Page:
Initiative for revision of the Constitution may be undertaken by not less than one-fifth of the members of the Assembly. The amendment of the Constitution should be approved by not less then two-thirds of the Assembly. The Assembly may decide, with two-thirds of all its members, that the draft constitutional amendments are to be voted in a referendum. The draft law for the revision of the Constitution enters into force after ratification by referendum, which takes place not later than 60 days after its approval in the Assembly. The approved constitutional amendment is put to a referendum when this is required by one-fifth of the members of the Assembly. The President of the Republic does not have the right to return for review the law approved by the Assembly for revision of the Constitution.
The most common normative act is a law passed by Assembly. Either a member of the Council of Ministers may introduce a normative act or voters after securing a petition with 20,000 signatures. A draft law is voted on three times: in principle, article by article, and in its entirety. If a draft law is approved by the Assembly, it is sent to the President for her/his promulgation. If the President signs the statute it becomes law and is effective once published in the Official Gazette. If the President does not sign the bill and sends it back to the Assembly for re-consideration (suspending veto), the Assembly can override the veto (with a majority of votes in the presence of more than half of its members), and the statute then becomes law and is effective after publication in the Official Gazette. The President of the Republic has the right to return a law for review only once. Parliamentary law is supreme in Albania except when in conflict with the Constitution.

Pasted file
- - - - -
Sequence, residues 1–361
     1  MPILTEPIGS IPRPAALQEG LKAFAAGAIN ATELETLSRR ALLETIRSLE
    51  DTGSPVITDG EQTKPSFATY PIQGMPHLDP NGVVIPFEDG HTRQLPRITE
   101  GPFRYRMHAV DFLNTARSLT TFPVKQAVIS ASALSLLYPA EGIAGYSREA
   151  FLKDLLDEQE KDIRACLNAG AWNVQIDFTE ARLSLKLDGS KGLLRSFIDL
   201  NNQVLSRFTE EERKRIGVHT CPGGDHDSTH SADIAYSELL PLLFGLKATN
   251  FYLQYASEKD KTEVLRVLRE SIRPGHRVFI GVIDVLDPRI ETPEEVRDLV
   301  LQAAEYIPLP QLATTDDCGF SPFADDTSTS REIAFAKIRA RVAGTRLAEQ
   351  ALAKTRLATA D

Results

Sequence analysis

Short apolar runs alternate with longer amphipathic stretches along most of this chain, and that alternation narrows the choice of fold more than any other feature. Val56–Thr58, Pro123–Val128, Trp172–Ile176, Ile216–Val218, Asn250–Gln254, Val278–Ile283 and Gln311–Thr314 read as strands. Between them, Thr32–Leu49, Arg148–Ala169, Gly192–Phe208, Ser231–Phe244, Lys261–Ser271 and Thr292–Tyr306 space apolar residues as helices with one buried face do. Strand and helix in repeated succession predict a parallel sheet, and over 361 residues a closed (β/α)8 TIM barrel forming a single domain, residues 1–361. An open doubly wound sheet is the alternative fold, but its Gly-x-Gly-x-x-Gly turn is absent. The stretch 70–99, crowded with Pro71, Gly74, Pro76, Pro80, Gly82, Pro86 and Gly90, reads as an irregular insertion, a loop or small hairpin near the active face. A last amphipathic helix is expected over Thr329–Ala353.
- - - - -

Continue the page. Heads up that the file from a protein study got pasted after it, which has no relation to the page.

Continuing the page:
International instruments must be approved by the Assembly to become law. The procedure to ratify an international instrument in Assembly requires a separate piece of legislation to be introduced to Assembly.
The Assembly may delegate responsibility to the Council of Ministers and individual ministers. Regulations promulgated by the Council of Ministers are called decisions (also sub-statutory acts). Individual ministers may issue decisions, which are considered normative acts. Instructions issued by either the Council of Ministers or ministers relate to the organization of the governmental entity and thus rarely bind third parties. The authority of individual ministers is limited to specific competency or subject matter of that ministry. Ministers' decisions and instructions are binding throughout Albania, as long as consistent with the authorizing legislation from Assembly.
|CoE Convention on preventing and combating violence against women and domestic violence (2011)||04 February 2013|
|CoE Convention on Laundering, Search, Seizure and Confiscation of the Proceeds from Crime and Financing of Terrorism (2008)||01 May 2008|
|CoE Convention on Action against Trafficking in Human Beings (2008)||01 February 2008|
Joint Opinion on the Electoral Law and the Electoral Practice of AlbaniaDate : 19 December 2011 English [0.29 MB]
Comments on the Draft Law of the Republic of Albania "On Freedom of Religion and Mutual Relations with the State"Date : 12 May 2009 English [0.18 MB]
Joint Opinion on the Electoral Code of the Republic of AlbaniaDate : 13 March 2009 English [0.33 MB]